Appreciate Performance – Show team members you value their contributions

According to a study by Teem, roughly 48% of workers feel underappreciated in their roles. Every manager has certain expectations of each member of their team. But how many of them really appreciate an employee’s efforts and achievements in reaching the levels of expectations set? If you hesitate to do this, then over time, the motivation of team members will decrease; they will also not feel appreciated for what they do and will stop coming up with innovative ideas.

The solution: One of the most powerful ways managers can motivate their team is by giving them regular recognition for a job well done that is timely, specific, and individualized. Why? Because employees love recognition. Whether they’re doing that task that no one else wants to do or have taken the initiative to do something new, they don’t want their hard work to go unnoticed. In addition, software engineers are often introverts and prefer private rather than public recognition and would especially appreciate peer recognition for an outstanding piece of written code. Establishing a culture in which people regularly thank each other and express gratitude to their coworkers and staff can make a happy workforce.

Bonus Tip – One-on-one meetings

It’s probably the most powerful tool you have as a manager to learn about your employees, understand their grievances and perspectives, and coach them as they need. It may even be difficult for managers to get engineers to open up about their interests in the beginning. However, regular, one-on-one conversations will offer that opportunity. This allows your team members to talk about any difficulties they’re scared to bring up in group sessions. It’s also a good moment to check in with team members about their role and whether it aligns with their overall career ambitions. According to Gallup, employees who have regular one-no-one with their managers are 3x more likely to be engaged. In addition, increased employee engagement leads to increased productivity and performance.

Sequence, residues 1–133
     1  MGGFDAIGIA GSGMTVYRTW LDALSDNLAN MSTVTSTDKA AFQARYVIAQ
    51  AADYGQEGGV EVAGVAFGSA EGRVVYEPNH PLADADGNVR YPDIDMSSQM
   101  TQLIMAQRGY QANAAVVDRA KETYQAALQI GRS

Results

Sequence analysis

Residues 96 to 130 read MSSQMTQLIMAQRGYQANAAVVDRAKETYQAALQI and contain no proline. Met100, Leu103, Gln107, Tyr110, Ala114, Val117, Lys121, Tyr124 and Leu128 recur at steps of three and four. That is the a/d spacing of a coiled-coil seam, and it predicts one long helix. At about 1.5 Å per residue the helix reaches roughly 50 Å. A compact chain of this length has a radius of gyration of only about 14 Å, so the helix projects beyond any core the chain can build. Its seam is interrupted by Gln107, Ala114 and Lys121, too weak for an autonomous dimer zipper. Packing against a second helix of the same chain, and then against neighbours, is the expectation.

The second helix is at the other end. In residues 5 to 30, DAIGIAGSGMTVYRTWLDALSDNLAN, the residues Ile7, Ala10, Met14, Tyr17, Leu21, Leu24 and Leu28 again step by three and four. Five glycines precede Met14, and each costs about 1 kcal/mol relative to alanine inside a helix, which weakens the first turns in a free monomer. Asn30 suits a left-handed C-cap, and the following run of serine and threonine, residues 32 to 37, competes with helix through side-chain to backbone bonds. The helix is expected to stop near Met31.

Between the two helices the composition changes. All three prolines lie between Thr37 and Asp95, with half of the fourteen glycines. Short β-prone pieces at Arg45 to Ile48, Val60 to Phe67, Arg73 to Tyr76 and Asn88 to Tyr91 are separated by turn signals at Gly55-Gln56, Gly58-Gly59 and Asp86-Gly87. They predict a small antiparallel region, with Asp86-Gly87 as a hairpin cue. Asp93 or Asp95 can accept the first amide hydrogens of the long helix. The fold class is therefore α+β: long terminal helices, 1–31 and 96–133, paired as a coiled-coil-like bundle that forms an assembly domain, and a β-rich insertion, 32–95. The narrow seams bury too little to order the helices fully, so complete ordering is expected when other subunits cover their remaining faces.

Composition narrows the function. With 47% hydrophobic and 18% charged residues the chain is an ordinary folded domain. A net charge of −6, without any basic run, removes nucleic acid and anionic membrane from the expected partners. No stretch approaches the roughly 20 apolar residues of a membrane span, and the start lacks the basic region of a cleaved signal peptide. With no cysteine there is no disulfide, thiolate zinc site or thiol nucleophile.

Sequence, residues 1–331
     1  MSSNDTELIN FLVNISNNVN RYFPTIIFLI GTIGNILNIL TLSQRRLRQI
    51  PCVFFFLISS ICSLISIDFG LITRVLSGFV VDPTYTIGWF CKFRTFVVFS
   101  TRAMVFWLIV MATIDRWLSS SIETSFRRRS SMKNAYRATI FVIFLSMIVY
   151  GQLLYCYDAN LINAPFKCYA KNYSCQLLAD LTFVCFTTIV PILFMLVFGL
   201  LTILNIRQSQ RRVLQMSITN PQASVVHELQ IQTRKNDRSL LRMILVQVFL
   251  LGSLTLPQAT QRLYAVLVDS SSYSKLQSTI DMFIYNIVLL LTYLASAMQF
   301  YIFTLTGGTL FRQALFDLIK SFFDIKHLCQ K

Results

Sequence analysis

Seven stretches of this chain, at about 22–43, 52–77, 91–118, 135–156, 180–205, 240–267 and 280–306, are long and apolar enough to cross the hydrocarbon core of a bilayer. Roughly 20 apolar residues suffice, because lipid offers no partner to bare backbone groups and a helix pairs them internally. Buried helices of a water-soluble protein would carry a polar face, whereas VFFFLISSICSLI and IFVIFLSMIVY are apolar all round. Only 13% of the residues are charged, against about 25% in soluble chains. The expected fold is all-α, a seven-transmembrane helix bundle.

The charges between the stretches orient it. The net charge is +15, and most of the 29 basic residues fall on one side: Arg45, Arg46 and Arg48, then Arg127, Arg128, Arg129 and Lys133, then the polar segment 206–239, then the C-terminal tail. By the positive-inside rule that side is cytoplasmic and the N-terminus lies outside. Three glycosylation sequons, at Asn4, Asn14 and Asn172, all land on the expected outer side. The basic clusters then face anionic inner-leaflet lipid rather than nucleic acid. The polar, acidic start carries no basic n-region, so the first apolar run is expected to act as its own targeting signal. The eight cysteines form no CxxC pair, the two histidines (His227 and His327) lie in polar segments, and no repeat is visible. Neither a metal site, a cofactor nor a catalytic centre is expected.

End Thoughts

Knowing how to manage a remote team shouldn’t be as difficult as it might seem. But at the same time, many challenges can arise in managing project tasks, motivating team members, keeping communication open, maintaining performance, and a level of trust between colleagues. By following these best practices for managing remote software developers and by investing wisely in the necessary resources, you can work through any obstacles you face on the journey to becoming a good manager for your team.

  • Remember and plan when you can communicate with your people regularly and when to give them some space. Avoid letting the physical separation turn into disconnection.
  • Get on top of your software team and carefully plan: one-on-one meetings, career development plans, an open communication strategy, and an empathetic environment.
  • Set clear objectives and requirements within project teams. Don’t forget to provide and solicit feedback from employees in a context where they feel safe.

If we’ve made you curious about how remote developer teams are managed, we’re waiting to prove to you what a great job our team does. We design modern, easy-to-use mobile and web apps that meet your business and users’ needs. Also, we have gathered the finest developers, most of us from algorithmic backgrounds, the main reason why we love technical challenges and have no problems adapting to new ideas or products.

We transform challenges into digital experiences

Get in touch to let us know what you’re looking for. Our policy includes 14 days risk-free!

Free project consultation